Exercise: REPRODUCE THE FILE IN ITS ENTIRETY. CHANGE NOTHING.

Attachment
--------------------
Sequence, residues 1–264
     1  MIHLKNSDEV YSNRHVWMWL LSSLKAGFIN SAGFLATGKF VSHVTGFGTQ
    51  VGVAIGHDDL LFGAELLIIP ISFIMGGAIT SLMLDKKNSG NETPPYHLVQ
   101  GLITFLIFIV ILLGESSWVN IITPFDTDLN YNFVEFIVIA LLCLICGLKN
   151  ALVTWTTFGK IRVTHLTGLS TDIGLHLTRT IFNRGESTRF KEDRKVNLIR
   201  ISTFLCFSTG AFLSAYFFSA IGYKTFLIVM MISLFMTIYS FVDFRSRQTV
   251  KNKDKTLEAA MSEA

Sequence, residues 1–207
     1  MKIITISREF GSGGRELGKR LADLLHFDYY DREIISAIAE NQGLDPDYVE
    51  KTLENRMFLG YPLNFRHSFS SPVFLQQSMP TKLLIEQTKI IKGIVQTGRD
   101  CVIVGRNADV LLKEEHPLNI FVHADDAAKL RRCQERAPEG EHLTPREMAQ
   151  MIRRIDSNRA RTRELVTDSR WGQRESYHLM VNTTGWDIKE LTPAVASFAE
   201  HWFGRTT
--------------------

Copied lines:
Sequence, residues 1–264
     1  MIHLKNSDEV YSNRHVWMWL LSSLKAGFIN SAGFLATGKF VSHVTGFGTQ
    51  VGVAIGHDDL LFGAELLIIP ISFIMGGAIT SLMLDKKNSG NETPPYHLVQ
   101  GLITFLIFIV ILLGESSWVN IITPFDTDLN YNFVEFIVIA LLCLICGLKN
   151  ALVTWTTFGK IRVTHLTGLS TDIGLHLTRT IFNRGESTRF KEDRKVNLIR
   201  ISTFLCFSTG AFLSAYFFSA IGYKTFLIVM MISLFMTIYS FVDFRSRQTV
   251  KNKDKTLEAA MSEA

Sequence, residues 1–207
     1  MKIITISREF GSGGRELGKR LADLLHFDYY DREIISAIAE NQGLDPDYVE
    51  KTLENRMFLG YPLNFRHSFS SPVFLQQSMP TKLLIEQTKI IKGIVQTGRD
   101  CVIVGRNADV LLKEEHPLNI FVHADDAAKL RRCQERAPEG EHLTPREMAQ
   151  MIRRIDSNRA RTRELVTDSR WGQRESYHLM VNTTGWDIKE LTPAVASFAE
   201  HWFGRTT